Hey, my friend. This week, I want to share with you about something that is dear to my heart, and that is the ministry of intercession. In essence, praying for others, especially when they are hurting.
I remember in times past receiving a note from a friend who told me they were praying for me, whether in a card or a text message or email, and I can’t tell you how much that meant to me. During those seasons when you can hardly tell up from down, when the world is spinning and you feel like you’re going to come crashing down… or in those seasons where you feel numb or confused or heavy… knowing that someone is fighting for you in prayer just means so very much.
If you think back through Bible studies or books you’ve read about prayer, you probably know there are different kinds of prayer.
- There are prayers of supplication, which is asking God for what you need.
- There are prayers of thanksgiving, expressing your gratitude to God for what He has provided.
- There are prayers of adoration, praising God and worshiping Him for who He is.
- There are prayers of confession, where we ask for forgiveness for our sins.
- And there are prayers of intercession, praying on behalf of other people.
I call these prayers “standing between” prayers, because essentially, you are standing in the space between that person and the enemy or the hurt, and you are lifting them up before God, asking Him to act on their behalf.
More About Intercessory Prayer
When we offer intercessory prayers, we are behaving in a manner like Christ, for He, too, intercedes for us. Isn’t that amazing?
Romans 8:34 tells us that Christ is at the right hand of God, interceding for us. And Hebrews 7:25 (NLT) says that Christ “lives forever to intercede with God on their behalf.”
And in 1 Timothy 2:1 (NLT), we, as believers, are invited to pray for all people, to “intercede on their behalf.” Just like Christ.
The verse that represents this best to me is from Paul’s words to the church in Rome. He wrote, “Dear brothers and sisters, I urge you in the name of our Lord Jesus Christ to join in my struggle by praying to God for me. Do this because of your love for me, given to you by the Holy Spirit” (Romans 15:30 NLT).
I know that when someone we care about is hurting, prayer often feels like the least effective thing we can do in the moment. It feels like we aren’t actually doing anything.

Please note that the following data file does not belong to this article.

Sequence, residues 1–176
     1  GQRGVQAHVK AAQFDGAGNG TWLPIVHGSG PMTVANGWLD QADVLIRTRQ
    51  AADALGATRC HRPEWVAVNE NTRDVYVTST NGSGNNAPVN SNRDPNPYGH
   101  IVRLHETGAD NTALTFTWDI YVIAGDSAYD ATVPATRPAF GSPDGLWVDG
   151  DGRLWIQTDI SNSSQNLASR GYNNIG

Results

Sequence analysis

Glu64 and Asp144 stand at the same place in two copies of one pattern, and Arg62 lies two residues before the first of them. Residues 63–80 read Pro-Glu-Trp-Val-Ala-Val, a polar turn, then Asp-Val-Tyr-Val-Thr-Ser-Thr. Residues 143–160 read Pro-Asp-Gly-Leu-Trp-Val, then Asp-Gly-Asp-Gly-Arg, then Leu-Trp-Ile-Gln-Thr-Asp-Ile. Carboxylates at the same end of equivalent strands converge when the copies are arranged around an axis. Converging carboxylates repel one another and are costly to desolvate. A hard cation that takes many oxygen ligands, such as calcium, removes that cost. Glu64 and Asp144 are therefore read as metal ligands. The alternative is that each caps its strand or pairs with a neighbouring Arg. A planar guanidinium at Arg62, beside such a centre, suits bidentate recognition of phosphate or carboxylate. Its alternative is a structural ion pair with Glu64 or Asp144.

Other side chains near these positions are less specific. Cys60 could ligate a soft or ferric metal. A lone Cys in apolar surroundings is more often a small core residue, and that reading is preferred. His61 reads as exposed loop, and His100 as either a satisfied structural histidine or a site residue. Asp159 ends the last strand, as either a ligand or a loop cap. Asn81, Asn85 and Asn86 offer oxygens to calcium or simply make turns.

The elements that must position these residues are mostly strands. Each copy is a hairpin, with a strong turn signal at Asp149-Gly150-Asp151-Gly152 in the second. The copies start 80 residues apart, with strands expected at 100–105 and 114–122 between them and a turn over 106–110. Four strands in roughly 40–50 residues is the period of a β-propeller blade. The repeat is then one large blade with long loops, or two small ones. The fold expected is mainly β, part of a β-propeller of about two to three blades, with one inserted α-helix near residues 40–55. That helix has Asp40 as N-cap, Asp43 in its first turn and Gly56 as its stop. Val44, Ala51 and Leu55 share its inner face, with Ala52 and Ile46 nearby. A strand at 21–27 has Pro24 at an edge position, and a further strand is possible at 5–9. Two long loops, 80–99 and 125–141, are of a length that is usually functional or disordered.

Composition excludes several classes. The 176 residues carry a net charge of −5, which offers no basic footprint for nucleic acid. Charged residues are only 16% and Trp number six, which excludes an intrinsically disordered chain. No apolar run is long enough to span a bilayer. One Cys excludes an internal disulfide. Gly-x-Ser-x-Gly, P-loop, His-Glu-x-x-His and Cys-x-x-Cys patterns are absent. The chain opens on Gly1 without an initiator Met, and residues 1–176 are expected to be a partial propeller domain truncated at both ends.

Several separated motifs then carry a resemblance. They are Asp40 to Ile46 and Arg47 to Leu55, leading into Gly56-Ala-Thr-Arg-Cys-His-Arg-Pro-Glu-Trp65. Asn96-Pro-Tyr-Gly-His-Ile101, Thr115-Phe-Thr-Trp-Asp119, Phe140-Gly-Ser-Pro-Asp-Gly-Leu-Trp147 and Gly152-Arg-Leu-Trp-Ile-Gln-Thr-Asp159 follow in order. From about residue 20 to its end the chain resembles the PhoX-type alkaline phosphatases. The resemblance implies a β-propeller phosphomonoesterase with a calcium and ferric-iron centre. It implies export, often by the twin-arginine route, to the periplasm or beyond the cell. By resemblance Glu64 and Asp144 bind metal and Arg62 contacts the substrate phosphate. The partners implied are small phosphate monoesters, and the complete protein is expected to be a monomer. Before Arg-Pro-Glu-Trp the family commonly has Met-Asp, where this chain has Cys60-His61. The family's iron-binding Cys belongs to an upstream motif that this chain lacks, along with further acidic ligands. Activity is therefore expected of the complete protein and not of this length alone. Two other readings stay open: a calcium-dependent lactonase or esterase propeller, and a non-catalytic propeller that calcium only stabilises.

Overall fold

But I want to assure you that praying on behalf of someone else is one of the most powerful ways you can support someone in their season of grief or hurt.
When you intercede for someone, you intervene for her. You fight for her. You stand between her and the enemy. Using Paul’s words, you join in her struggle. You don’t let her stand alone, you don’t let her fight alone, but you join forces with her and stand together. You appeal to God for help on her behalf.
You do this because you love her. A deep, compassionate love that the Holy Spirit has given to you.
One of my favorite books on prayer is Andrew Murray’s The Ministry of Intercession. I was actually able to grab an older copy of it that was printed in 1905 in Edinburgh. Though it’s not a first edition, it’s still pretty early, and I just like old books. You can actually access the book for free online.
But in that book, Murray writes, “If we will but believe in God and His faithfulness, intercession will become to us the very first thing we take refuge in when we seek blessing for others, and the very last thing for which we cannot find time.”
Is that how you view intercession? Is that how you view praying for others? As the first thing you take refuge in? If not, why not?
Example of Intercession: Abigail
Now, I want to share a couple of examples from the Bible of individuals who interceded on behalf of others, because I think it will help us flesh out what this ministry of intercession might look like.
The first one is a woman named Abigail. You can find her story in 1 Samuel 25. Basically, Abigail’s husband Nabal is described as a crude man, ill-tempered, who was mean in his dealings with others, and he does, in fact, mistreat David and his men. David, in his anger, decides to retaliate and heads toward Nabal’s home to kill him and his men.